Thursday, October 28

In the dark and the dust: memorial recalls the harsh history of British mining | Mining


They worked extensively underground in dark, cramped and dangerous conditions, emerging at the end of their shifts covered in coal dust and often gasping for air.

Cities grew up around the coal mines; the boys followed their parents and grandparents down the well. In the 19th century, women and children were among the country’s coal workers. But by the late 20th century, most miners had been consigned to the post-industrial scrap heap as pit after shutdown.

The hard and risky work of the nation’s miners was not at the forefront of Boris Johnson’s mind last week when, on a visit to Scotland, he thanked Margaret Thatcher’s Closure Program for giving the UK a ” great early start “in the transition. of fossil fuels.

Nicola Sturgeon, Scotland’s prime minister, said his comment was “rude and deeply insensitive” to those whose lives and communities in Scotland had been devastated by the closures.

Now the nation’s miners will be commemorated in a memorial at the National Memorial Arboretum in Alrewas, Staffordshire, and a dedication ceremony is planned for early next month. “It will pay tribute to the UK coal mining industry,” said Mike Mellor, president of Chase Art for Public Spaces, the group behind the monument. “We felt it was appropriate for the miners of this country.”

The monument is the brainchild of Andy DeComyn, a public artist who specializes in memorial sculpture. At five meters long, two meters high and one meter wide, it is made of Derbyshire stone with a bronze “coal seam” running through it, and incorporates 25 plates that tell the 200-year history of the industry.

A miner at the Lilly Drift Coal Mine works in a 13-inch seam near Newcastle upon Tyne.
A miner at the Lilly Drift Coal Mine works in a 13-inch seam near Newcastle upon Tyne. Photograph: Hulton Deutsch / Corbis / Getty Images

“It goes back to the 1800s, when women and children were working in dire conditions, and back to the 1990s, when most of the wells closed,” DeComyn said. “By then, working conditions were much better, but statistically it was still the most dangerous job he could do.”

Coal mining is “an important part of our industrial and social history,” he added. “When I was in school, we learned about mining in geography lessons. Now children learn about it in history.

And today people tend to focus on the bad side: the environmental consequences of fossil fuels. But coal mining changed the world. It fueled the Industrial Revolution and brought us to where we are today. “

Many miners were killed or seriously injured in pit accidents, and thousands died of lung diseases caused by working in confined spaces filled with coal dust. “But we felt we were rendering a service to the country,” Len, a former miner, told the BBC. “We left the lights on. We promote the industry. I was always proud to be a miner. “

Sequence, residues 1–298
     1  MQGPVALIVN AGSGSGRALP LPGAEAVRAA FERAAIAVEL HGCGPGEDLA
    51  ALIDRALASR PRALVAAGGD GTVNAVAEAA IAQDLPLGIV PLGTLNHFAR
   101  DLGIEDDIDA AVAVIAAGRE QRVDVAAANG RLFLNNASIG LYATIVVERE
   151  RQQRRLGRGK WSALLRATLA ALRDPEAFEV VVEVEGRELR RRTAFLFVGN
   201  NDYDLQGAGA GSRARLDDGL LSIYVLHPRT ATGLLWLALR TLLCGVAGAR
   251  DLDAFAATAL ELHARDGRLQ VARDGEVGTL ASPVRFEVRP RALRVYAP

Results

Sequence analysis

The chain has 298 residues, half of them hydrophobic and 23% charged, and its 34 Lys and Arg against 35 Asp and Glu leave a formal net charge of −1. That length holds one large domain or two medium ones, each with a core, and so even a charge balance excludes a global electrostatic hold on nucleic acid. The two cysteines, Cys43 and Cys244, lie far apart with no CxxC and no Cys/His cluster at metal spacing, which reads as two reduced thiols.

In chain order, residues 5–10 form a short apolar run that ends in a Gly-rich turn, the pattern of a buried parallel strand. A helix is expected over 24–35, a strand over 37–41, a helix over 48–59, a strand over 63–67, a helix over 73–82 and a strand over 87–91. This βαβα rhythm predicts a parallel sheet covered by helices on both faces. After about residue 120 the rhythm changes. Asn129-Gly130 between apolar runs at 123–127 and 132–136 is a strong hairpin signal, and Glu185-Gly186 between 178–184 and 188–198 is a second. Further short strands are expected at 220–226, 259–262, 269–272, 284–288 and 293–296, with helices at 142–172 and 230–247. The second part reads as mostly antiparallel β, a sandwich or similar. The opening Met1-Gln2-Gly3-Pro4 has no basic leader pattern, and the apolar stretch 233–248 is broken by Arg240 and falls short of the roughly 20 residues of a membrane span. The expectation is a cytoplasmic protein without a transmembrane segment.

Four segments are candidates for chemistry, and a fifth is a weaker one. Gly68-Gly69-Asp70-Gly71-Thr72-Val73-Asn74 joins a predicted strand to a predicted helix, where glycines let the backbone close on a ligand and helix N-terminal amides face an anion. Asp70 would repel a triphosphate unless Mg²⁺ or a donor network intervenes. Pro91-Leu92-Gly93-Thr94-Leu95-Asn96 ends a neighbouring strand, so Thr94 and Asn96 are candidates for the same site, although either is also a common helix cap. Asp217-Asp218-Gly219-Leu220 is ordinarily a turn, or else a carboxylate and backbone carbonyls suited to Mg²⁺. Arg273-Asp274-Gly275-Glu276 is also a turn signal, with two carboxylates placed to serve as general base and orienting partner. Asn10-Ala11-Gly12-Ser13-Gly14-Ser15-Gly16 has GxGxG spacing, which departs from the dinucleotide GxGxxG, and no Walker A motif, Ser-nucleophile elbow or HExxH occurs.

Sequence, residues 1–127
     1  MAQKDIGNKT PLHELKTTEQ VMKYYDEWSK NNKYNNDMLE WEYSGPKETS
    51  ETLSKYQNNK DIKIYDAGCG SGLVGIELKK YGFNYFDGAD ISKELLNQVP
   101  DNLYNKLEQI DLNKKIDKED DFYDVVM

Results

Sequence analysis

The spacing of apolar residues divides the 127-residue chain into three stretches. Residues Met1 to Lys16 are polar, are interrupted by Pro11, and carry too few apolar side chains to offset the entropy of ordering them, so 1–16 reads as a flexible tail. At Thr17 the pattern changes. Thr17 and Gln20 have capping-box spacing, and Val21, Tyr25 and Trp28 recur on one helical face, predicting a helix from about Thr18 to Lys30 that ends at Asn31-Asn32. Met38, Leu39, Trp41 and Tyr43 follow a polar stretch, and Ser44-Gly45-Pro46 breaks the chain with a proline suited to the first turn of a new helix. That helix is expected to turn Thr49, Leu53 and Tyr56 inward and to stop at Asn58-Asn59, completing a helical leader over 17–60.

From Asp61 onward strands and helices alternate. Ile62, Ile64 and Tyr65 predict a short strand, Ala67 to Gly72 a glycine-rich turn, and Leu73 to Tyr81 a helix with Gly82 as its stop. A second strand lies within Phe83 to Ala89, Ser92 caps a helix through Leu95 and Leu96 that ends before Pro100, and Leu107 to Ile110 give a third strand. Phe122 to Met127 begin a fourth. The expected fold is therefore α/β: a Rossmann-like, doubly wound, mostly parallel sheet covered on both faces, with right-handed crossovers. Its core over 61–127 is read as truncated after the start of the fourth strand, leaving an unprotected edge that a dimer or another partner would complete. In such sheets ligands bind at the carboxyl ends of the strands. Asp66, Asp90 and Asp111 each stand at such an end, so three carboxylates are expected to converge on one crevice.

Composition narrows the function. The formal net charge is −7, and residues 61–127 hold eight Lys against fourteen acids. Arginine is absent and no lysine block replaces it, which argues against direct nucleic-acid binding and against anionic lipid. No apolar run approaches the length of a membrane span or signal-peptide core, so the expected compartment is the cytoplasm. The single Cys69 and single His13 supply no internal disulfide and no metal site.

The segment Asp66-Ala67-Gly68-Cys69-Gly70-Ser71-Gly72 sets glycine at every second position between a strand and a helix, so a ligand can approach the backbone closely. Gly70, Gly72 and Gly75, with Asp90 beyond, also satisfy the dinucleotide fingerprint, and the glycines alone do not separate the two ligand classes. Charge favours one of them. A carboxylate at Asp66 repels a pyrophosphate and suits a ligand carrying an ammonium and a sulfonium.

One of 25 plaques at the National Miners Monument by artist Andy de Comyn
One of 25 bronze plaques featured on the monument by artist Andy DeComyn. Photograph: Courtesy of Andy DeComyn

In 1984-5, miners fought to prevent shaft closures under Thatcher in one of the UK’s last major industrial disputes. The year-long strike caused terrible hardship in the mining communities and a bitter division among the miners. It ended in defeat for the National Union of Miners (NUM).

The £ 100,000 cost of the monument has been raised through donations from the public, including ‘sponsorship’ of the plaques. The project has the backing of the NUM and the deputies representing former mining districts.

Plate 18 is dedicated to the mine rescue service. Jack Brown volunteered in the service for more than 20 years and was present at the 1951 Easington Colliery disaster in County Durham, which killed 83 men, including two rescuers.

Jack’s son Phil Brown has been trying to raise £ 2,500 to sponsor plate 18, but has only reached half of his goal so far. “I live in South Shields, one of the most deprived areas in the country. I’ve been uphill and down the valley, but money is really tight, much tighter than people elsewhere think. “

The plaque was a tribute to “yams,” a miners term for coworkers you would trust with your life, he said. “These were beefy guys who took care of each other, trusted each other, and even washed their backs in the showers at the end of the day.”

Jack, who served in the navy during World War II, died in 1973 at the age of 52, four years after leaving the pits, when his son was 18 years old. “He had been such a proud and fit man. But the dust really made him very sick in the end, ”Brown said.

“Even now, I feel so attached to my mining roots. Even though the holes are working, it’s still in my blood. “

In addition to commemorating the work of the coal miners, the monument also marks their contribution in two world wars. Forty-five miners received the Victoria Cross after World War I, and two who served in World War II received the honor.

The National Memorial Arboretum contains around 400 memorials, many of them dedicated to the armed forces.


www.theguardian.com

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